They were grown around Naples mid-ninth century. Catherine de Medici scandalized the French court after marrying Henry the Second by publicly eating them (a lot of them). They were a man’s food as they were said to “provoke Venus”-meaning they were a powerful aphrodisiac. They appear elsewhere in history- there is a recipe for them in one of Martha Washington’s cookbooks, and Goethe mentions them as well. Fast forward to modern times. Italian immigrants, missing this bit of the old country, start growing them in and around Half-Moon Bay at the turn of the century (1900s). They become a big money crop, so big that the Mafia gets into them in New York! In 1922, Andrew Molera (of State Beach/Park fame) leases land to more Italian immigrants for growing ‘chokes in the Salinas area, realizing he will make more money than he was on sugar beets. This is the start of this area’s claim to being the Artichoke Capital, which is true for the most part. California grows 100% of the commercial crop, with Castroville being at the center. And yes, it’s true- in 1948, the first Artichoke Queen was a young woman named Norma Ray Baker, soon to be known as Marilyn Monroe.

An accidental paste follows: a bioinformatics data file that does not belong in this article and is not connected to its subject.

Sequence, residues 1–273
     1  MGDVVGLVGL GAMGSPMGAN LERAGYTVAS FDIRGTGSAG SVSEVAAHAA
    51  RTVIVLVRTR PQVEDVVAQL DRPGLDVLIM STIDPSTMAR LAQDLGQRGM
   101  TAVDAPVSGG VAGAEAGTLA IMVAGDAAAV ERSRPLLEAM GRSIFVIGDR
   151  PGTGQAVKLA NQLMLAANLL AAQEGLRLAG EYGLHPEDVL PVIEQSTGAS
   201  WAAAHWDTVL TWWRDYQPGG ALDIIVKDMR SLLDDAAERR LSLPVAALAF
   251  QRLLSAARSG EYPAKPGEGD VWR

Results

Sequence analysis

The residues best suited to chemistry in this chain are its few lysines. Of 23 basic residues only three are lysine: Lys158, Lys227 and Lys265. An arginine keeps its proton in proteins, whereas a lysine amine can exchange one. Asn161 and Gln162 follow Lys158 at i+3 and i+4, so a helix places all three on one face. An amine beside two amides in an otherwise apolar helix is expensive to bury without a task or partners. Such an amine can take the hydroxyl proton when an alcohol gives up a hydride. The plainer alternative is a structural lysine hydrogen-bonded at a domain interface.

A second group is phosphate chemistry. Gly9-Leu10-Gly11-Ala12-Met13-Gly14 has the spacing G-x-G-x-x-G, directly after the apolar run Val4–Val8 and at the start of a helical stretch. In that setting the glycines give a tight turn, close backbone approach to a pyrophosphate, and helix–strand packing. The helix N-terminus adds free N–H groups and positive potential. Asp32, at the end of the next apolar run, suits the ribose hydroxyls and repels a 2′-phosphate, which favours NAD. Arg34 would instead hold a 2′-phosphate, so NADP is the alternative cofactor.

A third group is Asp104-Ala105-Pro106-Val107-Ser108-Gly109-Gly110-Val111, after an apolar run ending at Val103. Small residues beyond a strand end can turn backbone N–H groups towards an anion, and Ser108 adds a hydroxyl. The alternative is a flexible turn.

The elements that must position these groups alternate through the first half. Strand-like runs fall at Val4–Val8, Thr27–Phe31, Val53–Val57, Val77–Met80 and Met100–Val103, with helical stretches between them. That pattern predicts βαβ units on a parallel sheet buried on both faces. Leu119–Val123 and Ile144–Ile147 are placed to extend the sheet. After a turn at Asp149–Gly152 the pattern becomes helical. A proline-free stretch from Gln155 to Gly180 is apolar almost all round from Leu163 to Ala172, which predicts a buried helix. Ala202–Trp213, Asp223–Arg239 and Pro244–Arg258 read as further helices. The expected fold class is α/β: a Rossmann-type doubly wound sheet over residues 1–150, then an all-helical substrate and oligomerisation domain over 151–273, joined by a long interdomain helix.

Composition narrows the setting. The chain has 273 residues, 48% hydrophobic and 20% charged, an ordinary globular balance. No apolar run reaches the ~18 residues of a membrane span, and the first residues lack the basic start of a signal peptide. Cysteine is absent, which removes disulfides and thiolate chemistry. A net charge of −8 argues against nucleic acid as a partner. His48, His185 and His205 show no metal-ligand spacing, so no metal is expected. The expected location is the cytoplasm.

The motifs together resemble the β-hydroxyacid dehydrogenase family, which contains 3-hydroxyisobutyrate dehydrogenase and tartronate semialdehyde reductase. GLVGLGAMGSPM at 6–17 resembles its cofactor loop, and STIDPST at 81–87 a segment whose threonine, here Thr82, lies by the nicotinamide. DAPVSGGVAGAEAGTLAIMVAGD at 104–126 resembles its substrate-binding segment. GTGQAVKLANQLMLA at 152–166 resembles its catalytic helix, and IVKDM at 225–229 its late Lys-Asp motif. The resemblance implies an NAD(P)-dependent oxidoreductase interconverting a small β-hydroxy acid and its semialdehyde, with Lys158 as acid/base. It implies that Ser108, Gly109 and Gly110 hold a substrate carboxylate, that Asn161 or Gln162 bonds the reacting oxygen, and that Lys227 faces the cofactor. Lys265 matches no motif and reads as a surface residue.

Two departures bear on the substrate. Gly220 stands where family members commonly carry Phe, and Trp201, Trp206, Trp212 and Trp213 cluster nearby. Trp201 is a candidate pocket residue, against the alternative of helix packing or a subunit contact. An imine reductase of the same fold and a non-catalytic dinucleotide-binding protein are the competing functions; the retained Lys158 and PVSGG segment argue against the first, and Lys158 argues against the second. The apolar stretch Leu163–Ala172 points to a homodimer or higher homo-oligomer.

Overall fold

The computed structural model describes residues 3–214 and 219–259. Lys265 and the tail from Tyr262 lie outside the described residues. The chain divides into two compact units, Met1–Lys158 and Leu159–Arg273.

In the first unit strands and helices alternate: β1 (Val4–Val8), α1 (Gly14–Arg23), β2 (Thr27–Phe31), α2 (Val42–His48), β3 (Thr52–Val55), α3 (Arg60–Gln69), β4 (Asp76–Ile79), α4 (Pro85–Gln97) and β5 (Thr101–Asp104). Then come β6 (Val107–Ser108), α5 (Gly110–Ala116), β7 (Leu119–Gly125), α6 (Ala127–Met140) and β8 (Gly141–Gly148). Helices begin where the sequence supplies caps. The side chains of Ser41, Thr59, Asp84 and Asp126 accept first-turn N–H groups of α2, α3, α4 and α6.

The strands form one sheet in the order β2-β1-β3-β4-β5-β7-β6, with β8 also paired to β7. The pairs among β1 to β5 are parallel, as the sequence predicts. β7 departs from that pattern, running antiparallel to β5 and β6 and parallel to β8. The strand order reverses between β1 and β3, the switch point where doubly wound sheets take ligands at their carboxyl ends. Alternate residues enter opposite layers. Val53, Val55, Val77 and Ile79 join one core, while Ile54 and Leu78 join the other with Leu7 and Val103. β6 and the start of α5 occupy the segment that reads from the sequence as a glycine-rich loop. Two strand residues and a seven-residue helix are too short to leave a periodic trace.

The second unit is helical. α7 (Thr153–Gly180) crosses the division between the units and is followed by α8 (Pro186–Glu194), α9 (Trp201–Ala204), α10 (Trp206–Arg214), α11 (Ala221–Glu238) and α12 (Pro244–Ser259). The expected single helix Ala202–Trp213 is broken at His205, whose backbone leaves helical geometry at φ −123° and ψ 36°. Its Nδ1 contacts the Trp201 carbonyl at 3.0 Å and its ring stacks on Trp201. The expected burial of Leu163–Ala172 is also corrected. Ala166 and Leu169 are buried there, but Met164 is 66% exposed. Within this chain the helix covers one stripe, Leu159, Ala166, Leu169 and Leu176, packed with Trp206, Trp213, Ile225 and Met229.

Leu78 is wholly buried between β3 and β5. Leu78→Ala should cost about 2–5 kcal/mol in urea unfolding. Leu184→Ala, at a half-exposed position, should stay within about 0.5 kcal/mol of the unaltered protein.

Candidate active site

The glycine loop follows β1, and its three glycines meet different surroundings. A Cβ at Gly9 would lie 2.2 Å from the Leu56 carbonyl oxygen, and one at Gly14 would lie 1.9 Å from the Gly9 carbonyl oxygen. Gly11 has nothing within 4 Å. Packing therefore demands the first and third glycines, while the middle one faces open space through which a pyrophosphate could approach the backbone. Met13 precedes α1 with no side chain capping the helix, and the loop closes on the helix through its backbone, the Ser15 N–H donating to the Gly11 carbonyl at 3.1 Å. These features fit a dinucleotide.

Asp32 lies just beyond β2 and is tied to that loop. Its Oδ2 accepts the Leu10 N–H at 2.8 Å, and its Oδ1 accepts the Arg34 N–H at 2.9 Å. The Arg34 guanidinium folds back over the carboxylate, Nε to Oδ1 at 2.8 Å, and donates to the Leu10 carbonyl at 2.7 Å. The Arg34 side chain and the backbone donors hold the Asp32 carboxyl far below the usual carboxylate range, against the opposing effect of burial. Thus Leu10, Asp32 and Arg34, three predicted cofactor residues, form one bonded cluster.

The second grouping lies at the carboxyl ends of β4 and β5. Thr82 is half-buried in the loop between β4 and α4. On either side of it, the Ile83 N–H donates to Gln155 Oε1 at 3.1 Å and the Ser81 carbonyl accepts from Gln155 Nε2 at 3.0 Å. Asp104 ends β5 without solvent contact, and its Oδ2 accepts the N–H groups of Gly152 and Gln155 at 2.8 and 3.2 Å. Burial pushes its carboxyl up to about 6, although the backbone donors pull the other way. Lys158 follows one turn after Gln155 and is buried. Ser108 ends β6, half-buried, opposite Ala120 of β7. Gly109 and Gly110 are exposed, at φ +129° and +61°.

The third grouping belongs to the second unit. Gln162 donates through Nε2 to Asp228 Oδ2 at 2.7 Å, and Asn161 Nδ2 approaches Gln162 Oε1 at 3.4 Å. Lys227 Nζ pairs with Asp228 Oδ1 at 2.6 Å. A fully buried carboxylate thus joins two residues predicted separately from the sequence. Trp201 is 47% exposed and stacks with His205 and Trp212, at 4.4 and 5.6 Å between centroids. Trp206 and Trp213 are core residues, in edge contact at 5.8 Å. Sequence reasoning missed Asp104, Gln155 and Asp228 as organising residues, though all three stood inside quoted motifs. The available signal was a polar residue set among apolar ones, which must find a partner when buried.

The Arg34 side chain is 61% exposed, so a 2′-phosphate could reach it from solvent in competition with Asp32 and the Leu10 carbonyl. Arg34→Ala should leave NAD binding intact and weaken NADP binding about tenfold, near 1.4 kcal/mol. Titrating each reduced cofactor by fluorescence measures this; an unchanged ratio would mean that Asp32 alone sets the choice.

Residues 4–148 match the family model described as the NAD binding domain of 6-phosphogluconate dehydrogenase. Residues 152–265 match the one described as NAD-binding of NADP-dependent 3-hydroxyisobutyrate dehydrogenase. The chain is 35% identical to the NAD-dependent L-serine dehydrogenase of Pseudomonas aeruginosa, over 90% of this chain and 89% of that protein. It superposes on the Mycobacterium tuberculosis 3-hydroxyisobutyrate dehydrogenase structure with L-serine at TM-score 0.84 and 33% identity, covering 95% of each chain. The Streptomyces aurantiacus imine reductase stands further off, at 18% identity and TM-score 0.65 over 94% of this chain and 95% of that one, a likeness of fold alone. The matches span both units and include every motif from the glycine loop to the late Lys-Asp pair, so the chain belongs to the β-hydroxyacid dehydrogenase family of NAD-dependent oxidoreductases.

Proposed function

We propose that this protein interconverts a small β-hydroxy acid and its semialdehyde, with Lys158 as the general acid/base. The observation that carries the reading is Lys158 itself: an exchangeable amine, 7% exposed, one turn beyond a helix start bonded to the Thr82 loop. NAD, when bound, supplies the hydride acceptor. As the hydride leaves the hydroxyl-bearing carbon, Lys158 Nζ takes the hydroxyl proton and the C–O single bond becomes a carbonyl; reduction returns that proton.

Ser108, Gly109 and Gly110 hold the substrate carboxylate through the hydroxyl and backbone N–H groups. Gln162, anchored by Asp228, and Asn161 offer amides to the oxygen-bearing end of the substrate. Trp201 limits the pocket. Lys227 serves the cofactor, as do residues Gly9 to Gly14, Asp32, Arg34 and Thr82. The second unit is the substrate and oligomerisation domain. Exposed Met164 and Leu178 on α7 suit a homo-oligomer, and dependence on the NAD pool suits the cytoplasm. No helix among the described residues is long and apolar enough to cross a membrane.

You see the fields as you drive through the area. The plants are a dull silvery green, three to four feet high and roughly six feet in diameter with spiky leaves. Artichokes are a perennial, with some fields kept in production from five to ten years. Between crops, the plant is cut back below the surface to encourage budding. The peaks for artichokes are March through May (when the Artichoke Festival hits) and around October. I feel they are a bit sweeter, like Brussels sprouts, after there has been some very cold weather. After really cold weather or frost you will sometimes see ‘chokes that have a blistered or rusty appearance. These are called “winter kissed” by the Artichoke Advisory Board, and I look for these for their flavor. I think the abuse increases the flavor, and the ugly stuff all cooks off or is trimmed away anyhow. The plant produces three sizes of bud-the big ones are from the top central stem, with the medium ones from lower down. The little ones, which are not really “babies”, are from the bottom, shaded part of the plant. Although there are some fifty varieties grown worldwide, commercially grown ‘chokes are all of the Green Globe variety. Although artichokes can take some work to prepare any other way than steamed, they pay big dividends in flavor and health. One medium ‘choke –only 25 calories-yields 4gm of protein, 6gm of dietary fiber, and are rich in calcium, folacin (38% of the RDA for women), magnesium, iron, potassium, and vitamins A and C. They are good for the liver, too. As to flavor, there really is nothing else that tastes like an artichoke.